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Dangerous Game Rifles (Part III)

Like all hunting guns, dangerous game rifles must be able to strike with precision for clean, ethical kills.

Expert Advice

Joe Coogan grew up in Kenya, joined the safari industry as a young man, and worked many years as a PH in Botswana and Tanzania. He also built a successful career as a hunting and shooting journalist and is currently marketing manager of Benelli USA and a field editor for AH.

Dave Leonard moved to Alaska as a teenager and has spent more than three decades there hunting, trapping and outfitting under the Mountain Monarchs banner. In recent years he has spent summer vacation guiding for Asian buffalo and banteng in northern Australia.

Randy Brooks is the co-owner of Barnes Bullets and the inventor of that firm's landmark all-copper X-Bullet. Brooks takes R&D so seriously he has completed 30 African safaris and 20 Alaska bear hunts. Along the way he has taken nearly 100 Cape buffalo and elephants and a near record-book brown bear.

Grizzly or Brown Bear

Leonard: My favorite bear caliber is the .375 H&H. Although I have guided many successful hunts with clients using various .30-caliber magnums, I strongly recommend the .338 Win. Mag. as a minimum.

Brooks: I prefer the .416 Rem. Mag. because you can make the rifle light enough to carry. I'm an extremist when it comes to walking and packing in and so I want a gun that's small and light because of the Alaska terrain and brush. Go to a .458 and the gun is too big. My .416 had a 21-inch barrel and weighed 6¼ pounds. With its 350-grain bullets at 2500 fps, it would break both of a brown bear's shoulders even though they're a real dense animal.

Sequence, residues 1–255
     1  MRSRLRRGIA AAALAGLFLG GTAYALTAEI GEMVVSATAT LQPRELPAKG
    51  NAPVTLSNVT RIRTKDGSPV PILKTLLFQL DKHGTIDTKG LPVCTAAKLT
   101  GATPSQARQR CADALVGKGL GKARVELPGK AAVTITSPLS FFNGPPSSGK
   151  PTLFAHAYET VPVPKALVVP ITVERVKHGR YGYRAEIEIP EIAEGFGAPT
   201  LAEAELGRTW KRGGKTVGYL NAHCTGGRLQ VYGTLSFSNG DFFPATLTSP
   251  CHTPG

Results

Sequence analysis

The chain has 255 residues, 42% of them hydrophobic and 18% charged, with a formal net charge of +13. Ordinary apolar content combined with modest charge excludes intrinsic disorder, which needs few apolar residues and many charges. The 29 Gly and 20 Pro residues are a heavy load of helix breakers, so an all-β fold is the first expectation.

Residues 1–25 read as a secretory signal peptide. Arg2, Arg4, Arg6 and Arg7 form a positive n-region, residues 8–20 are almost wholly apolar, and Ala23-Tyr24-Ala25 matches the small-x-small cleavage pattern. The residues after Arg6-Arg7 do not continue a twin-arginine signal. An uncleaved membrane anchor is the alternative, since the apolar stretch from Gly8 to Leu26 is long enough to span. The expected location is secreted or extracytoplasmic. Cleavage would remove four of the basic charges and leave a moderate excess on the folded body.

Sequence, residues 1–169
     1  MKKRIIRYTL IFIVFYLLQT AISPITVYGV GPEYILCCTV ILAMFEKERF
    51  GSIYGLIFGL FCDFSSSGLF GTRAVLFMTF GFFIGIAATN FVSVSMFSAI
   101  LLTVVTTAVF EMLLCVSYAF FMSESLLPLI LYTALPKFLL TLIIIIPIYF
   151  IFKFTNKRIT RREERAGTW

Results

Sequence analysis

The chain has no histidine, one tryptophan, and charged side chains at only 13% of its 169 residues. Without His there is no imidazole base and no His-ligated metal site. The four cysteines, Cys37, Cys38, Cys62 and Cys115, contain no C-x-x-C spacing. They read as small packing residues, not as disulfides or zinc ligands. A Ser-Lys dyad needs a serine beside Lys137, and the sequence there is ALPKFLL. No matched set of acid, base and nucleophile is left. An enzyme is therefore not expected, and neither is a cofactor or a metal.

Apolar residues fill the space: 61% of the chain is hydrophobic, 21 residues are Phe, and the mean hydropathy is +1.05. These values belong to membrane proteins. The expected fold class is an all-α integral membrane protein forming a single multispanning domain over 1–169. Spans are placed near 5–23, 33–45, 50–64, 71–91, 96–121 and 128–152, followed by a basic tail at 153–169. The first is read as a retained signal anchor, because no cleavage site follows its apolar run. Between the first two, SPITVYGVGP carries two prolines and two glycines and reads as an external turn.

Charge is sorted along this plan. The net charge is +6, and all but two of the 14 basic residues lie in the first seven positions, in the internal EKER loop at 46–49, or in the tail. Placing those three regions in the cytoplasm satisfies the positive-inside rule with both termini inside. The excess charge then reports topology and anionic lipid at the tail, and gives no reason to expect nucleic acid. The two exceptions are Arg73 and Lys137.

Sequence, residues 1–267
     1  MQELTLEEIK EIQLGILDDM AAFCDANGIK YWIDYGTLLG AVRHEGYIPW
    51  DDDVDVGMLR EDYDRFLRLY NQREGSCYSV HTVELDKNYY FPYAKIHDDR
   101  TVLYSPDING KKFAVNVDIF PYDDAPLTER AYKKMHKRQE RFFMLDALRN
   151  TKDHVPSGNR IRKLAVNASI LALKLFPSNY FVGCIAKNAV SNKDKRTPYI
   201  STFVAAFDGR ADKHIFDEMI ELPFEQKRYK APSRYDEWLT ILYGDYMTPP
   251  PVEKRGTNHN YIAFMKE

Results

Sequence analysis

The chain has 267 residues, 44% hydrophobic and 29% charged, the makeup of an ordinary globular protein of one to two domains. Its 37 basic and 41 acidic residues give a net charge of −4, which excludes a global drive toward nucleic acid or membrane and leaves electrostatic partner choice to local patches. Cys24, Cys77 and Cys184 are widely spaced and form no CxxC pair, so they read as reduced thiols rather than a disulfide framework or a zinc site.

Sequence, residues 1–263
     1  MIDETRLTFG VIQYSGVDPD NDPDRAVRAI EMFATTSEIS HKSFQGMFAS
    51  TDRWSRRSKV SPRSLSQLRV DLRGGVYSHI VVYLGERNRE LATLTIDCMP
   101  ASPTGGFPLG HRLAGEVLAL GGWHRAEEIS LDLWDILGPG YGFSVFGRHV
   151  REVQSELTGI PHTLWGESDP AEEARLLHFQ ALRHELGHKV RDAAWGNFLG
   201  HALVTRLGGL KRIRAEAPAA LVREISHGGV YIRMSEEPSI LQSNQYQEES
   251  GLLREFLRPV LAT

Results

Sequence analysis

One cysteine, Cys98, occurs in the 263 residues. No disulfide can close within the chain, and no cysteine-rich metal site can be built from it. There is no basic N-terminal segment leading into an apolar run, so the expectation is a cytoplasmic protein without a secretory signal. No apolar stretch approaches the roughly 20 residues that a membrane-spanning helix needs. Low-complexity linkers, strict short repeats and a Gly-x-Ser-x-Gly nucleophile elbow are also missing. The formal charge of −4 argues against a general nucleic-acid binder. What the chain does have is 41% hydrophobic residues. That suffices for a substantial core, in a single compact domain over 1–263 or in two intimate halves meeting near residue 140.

Cape Buffalo

Brooks: If a guy can handle a little more recoil than the .375 H&H, I would definitely recommend the .416 Rem. Mag. If not, the .375 is absolutely adequate. I've shot a trainload of buffalo with the .375 and 275-grain bullets. Substantially better yet is the .458 Lott because of the frontal area and literal horsepower behind it. But of course a lot of people can't handle the Lott. For me personally, it's a .505 Gibbs rifle I built on a
Brevex Mauser action.

Coogan: The .375 is the minimum, but one of the .400s is even better. I used a .458 Win. Mag. for many years, but my current heavy-game rifle is a Brno in .416 Rigby.

Elephant

Brooks: My .505 Gibbs is clearly my choice, but for most hunters I'd suggest a .416.
Coogan: It's got to be a .400 or bigger, preferably bigger. The .400 was the minimum for heavy dangerous game when I was growing up in Kenya, and I still think that's the right size.

Rhino

Coogan: Same as elephant, at least a .400 of some kind, and a .500's even better.

Lion

Brooks: The .338 is plenty ... but the .416 is better. I just like the .416 because I've done so much with it. But the .338 makes more sense to most guys because of recoil, or perhaps the .375.

Coogan: The .375 H&H is absolutely ideal.

Leopard

Coogan: I like clients to use the .375, but only if I know they can shoot it well. Again,
that was the minimum in Kenya, so that's how I was trained.

Asian Buffalo

Leonard: A big bull can weigh between 2,000 and 2,500 pounds, bigger than a Cape buffalo though not as aggressive. They will absorb a serious pounding and can be quite difficult to put down and on occasion will charge hunters. The .375 H&H is the minimum recommendation and popular along with the .416 Rigby and .416 Rem. Mag. The .458 Win. Mag. is good but it's a 100-yard-or-less gun. The 20 percent of clients who bring an English-style double rifle use the tried and proven .470 and .500 Nitro Express rounds.

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